By Kaitlyn Wallace
In every profession, new professionals are in danger of making a series of classic rookie mistakes. But even the most experienced planner can slip up every once in a while, too. That’s why a refresher on the most common major meeting planning mistakes is a must for meetings and events professionals of all levels of experience. Read on to check in on your meeting planning process and patch up any processes that may have worn thin over the years.
One of the most vital parts of the meeting planning process is visiting your venue multiple times leading up to your event. Cliff Judy, Director of Professional Development and Member Engagement for the Missouri Community College Association, recalls the dangers of putting this step off to the last minute: “Every single time I do an onsite visit immediately ahead of the event, I end up realizing that there’s something about to be set up in a way we didn’t want… When you’re actually there onsite working with your main contact on the ground, you’re able to get yourself on the same page a lot easier.” Building multiple onsite visits into your schedule in the weeks leading up to your event will help avoid those last-minute scrambles that can come with digital communication and asynchronous work.
Every planner wants to be able to stand in front of their event and say that it’s their vision come to life. But the truth is, the meeting planning process is collaborative and team-based, and ignoring this reality can get your event into real trouble. “Be excessively organized,” says Tracy Orpin, Senior Meetings & Events Planner with the National Association of Insurance Commissioners. “Everything should be in one place so that anybody could find it if you dropped dead tomorrow. I always make a list of all the onsite vendors and share it. If for some reason I’m tied up over here, they can at least know who the lead is for AV or the hotel; I’d prefer they come to me first, but if for some reason I’m nowhere around and the house is on fire, our vendors can still know who to talk to.”
Building redundancy into your systems is the best way to ensure that your event will go off without a hitch, even if its fearless leader (you) has an emergency or happens to change roles. Judy echoes this point, emphasizing that “you have to approach your organization style by thinking about if someone else could understand it. Someone else in your organization may have to look at it even if you’re still with the organization. But also, if someone comes in after you and you’re on to some other role, you want to set them up for success too.”
One of the best ways to stunt your growth as a planner is to assume that every one of your events is perfect. “You’re not going to please everybody,” says Judy. “I always make sure to keep a list of feedback on my phone throughout the event so next year I can keep an eye on it. I’ll go through that list of feedback and check off what I’ve taken care of and what feedback doesn’t need to be taken care of.” Ultimately, you want to build your event-planning skills with every event; ensuring that you spot areas of weakness and strength will only serve to grow your skill set with every event that you pull off successfully.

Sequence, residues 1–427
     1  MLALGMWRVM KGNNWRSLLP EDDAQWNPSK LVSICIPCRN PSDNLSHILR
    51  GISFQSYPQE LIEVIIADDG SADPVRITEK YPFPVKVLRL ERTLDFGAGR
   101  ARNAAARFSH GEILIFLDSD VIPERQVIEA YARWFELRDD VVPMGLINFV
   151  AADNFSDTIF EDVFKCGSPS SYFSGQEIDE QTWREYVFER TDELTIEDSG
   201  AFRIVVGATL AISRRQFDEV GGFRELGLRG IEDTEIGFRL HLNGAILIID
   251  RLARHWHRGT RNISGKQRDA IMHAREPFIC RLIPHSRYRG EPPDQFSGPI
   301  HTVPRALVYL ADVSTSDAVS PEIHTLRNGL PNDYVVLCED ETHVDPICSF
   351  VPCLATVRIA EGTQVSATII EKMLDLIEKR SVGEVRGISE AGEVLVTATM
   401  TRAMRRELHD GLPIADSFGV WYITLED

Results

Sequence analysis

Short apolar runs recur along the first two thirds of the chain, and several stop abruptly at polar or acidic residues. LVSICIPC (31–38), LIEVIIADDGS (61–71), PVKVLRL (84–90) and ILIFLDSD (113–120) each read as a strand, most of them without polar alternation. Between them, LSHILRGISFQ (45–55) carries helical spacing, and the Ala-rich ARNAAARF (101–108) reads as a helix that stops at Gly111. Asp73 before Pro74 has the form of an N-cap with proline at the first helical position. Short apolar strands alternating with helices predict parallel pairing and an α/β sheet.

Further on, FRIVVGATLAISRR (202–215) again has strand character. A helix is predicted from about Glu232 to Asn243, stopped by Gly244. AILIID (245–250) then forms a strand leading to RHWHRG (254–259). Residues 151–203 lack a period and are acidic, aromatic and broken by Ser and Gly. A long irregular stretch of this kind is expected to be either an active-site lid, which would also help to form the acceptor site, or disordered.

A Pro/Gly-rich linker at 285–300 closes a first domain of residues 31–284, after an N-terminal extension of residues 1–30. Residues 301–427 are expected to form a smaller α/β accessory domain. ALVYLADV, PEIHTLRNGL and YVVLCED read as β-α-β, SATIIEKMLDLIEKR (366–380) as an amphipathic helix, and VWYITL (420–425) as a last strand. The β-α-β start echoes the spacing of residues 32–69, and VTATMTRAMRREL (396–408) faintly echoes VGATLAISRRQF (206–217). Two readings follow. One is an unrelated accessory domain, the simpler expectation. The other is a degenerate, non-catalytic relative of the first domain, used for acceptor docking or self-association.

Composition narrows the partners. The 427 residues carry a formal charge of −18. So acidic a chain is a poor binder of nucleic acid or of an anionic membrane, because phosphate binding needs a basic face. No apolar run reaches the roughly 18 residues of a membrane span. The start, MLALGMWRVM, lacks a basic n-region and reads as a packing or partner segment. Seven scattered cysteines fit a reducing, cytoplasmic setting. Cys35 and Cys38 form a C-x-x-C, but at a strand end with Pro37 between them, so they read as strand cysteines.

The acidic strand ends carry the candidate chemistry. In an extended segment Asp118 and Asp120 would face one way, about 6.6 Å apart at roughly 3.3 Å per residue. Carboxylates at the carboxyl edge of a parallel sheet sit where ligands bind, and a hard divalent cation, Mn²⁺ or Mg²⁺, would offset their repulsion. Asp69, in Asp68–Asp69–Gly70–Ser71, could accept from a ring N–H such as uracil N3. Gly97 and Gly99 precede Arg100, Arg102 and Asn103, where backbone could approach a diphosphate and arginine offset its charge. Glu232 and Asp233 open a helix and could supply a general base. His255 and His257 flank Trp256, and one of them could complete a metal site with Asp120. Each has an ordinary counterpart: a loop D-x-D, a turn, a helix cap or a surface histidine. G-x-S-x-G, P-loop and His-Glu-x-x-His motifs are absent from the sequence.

Forgetting the 5 W’s
As planners, we are deeply immersed in our events from the beginning of the planning process. We have dates, times, and locations burned into our brains; we’re constantly working off a running physical and mental calendar that we carry with us in all of our location scouting and vendor communications. That makes it easy for us to forget that not everyone is privy to that same information.
“One of the biggest mistakes planner can make is forgetting to ask all the right questions,” says Orpin. “We’re so knee-deep in it that we know the answers. But for invitations and scheduling, you always have to run through the 5 W’s: who, what, when, where, why. It’s because we’re so engrained at the get-go; in our heads we know, and we assume that everybody else does too! That’s why you always have to ask those questions, and if I can’t answer them, I don’t have enough information on the invitation or vendor request.” Putting ourselves in the shoes of the attendee, vendor, or location contact is essential for clear and concise communication – and communication is the key to every successful event.
Start to Finish
Pulling of large and complex meetings from beginning to end is complicated for both the rookie and the veteran meeting planner; however, following a few staunch rules of thumb can clear up unnecessary confusion for every event. Just remember the cardinal rules: organization, communication, and verification. And don’t be afraid to implement our tips along the way!
Kaitlyn Wallace is a contributing writer from St. Louis.